I hardly ever carry a camera anymore. I use my phone for everything unfortunately. The plus side is that it’s slim and multi-functional, the other side it, however, that the pictures at the bottom of this post look like they were taken on a phone. Just a head’s up.
I’m back from Denver. I know it’s only a one hour time difference, but I’m feeling surprisingly jet-lagged. I refuse to believe that’s from the late nights I put in, er, exploring the city and am instead blaming it on the time difference, early mornings, and tedious, repetitive classes.
Without saying much about my job, I will say that it’s at a non-profit and that I was hired with a government grant. If that gives you a clue, then good for you. If it doesn’t, then, well, sorry. We learned so much about the people we will be helping that I felt a little conspicuous, being about 85% finished with an MBA and an obvious symbol of business, capitalism, and consumerism. I tried not to let it bother me too much until a guy I met commented on a city near my new home in Texas as being: “The most hideous display of consumerism and opulence I’ve ever had the misfortune of witnessing.” I wanted to scream, “Your idealism is thrilling, but who do you think is paying the taxes that are now paying YOUR salary? Business and consumerism that’s who!” But, I digress.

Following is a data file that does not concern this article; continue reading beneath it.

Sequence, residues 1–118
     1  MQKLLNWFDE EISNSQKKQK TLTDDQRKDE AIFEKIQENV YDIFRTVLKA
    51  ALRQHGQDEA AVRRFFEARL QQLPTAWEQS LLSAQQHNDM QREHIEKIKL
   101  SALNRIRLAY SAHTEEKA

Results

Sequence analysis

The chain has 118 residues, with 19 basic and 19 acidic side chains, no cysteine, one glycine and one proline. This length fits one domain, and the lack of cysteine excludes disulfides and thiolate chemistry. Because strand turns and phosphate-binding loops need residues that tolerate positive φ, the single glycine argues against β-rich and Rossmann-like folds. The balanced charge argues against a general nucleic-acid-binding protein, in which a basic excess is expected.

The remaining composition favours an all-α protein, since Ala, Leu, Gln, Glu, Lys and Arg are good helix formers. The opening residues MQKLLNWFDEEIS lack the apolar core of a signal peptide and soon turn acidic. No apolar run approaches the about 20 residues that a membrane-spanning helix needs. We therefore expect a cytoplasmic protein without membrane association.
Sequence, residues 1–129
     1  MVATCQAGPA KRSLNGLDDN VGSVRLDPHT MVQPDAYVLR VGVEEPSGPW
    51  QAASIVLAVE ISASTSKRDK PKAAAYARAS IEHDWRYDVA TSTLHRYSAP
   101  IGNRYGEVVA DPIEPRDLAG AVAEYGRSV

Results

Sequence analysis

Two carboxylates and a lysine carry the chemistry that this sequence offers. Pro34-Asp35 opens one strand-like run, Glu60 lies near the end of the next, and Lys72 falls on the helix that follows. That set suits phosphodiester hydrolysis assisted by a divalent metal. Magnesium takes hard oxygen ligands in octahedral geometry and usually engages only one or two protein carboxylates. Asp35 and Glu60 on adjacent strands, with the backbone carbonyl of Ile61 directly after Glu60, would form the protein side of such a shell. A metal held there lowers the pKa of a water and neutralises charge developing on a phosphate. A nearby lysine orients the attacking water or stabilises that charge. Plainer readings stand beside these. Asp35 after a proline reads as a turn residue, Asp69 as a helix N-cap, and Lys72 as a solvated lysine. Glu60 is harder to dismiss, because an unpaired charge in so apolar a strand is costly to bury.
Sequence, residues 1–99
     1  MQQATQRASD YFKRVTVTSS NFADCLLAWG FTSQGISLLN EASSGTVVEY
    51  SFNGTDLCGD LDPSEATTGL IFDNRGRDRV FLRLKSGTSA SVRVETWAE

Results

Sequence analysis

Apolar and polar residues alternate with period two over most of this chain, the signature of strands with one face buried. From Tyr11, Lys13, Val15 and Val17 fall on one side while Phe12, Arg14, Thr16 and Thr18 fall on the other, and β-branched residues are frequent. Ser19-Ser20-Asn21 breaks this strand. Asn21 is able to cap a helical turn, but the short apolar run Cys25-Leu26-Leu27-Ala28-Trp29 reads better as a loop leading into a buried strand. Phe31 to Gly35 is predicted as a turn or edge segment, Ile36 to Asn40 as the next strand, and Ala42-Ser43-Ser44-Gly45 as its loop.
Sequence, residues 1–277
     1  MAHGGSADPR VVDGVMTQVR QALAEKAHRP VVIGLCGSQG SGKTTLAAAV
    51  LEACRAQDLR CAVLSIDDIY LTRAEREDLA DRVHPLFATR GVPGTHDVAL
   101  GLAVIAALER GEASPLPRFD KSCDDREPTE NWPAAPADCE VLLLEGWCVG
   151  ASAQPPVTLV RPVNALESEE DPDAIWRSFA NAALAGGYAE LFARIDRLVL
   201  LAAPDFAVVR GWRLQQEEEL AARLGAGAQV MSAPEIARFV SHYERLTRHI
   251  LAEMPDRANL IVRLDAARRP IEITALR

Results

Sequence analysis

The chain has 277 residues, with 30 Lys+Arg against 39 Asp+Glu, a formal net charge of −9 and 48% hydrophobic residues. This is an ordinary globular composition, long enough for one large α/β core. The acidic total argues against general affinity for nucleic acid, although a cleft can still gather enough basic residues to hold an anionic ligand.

I don’t want to act like I’m tooting my own horn, or like a know-it-all (which I am, but that’s beside the point), but they conducted the training at the lowest level. If you had walked in knowing nothing about it, you would walk out feeling educated. Time well spent. I, on the other hand, had a broad, liberal arts edumacashun and had already learned many of the facts and figures we poured over over and over again. I also have an opinion on everything. Yes, everything. And if I don’t, I can usually form one pretty quickly. See, I just did! I think our group’s presenter cringed internally every time she saw my hand shoot up a la the third grade. I eventually gave up because I can’t, in good faith, cause someone discomfort.
The mile-high city was beautiful. Everyone commented on the unusual sight of mountains surrounding the city–a sight that made me feel at home, like I was back in Santiago, yet everyone spoke English and many of them punctuated their sentences with “y’all”. (Thanks to the Texas group I spent four days with, I’m about one cup of coffee away from letting a y’all slip and promptly banging my head on a wall.)
I wish I had more time to explore the natural side of Denver, or even more of the city. Denver has a unique, funky vibe. The first night we took the light rail to downtown and got off at 16th Street station, a mile-long stretch of bars, restaurants, and shopping.
free time in Denver was much too short. Too bad I had to go get a job, or I could keep up this lifestyle I refer to as “professional gypsy-ism”. I start work on Monday! Today is my last weekday of freedom. Wish me luck!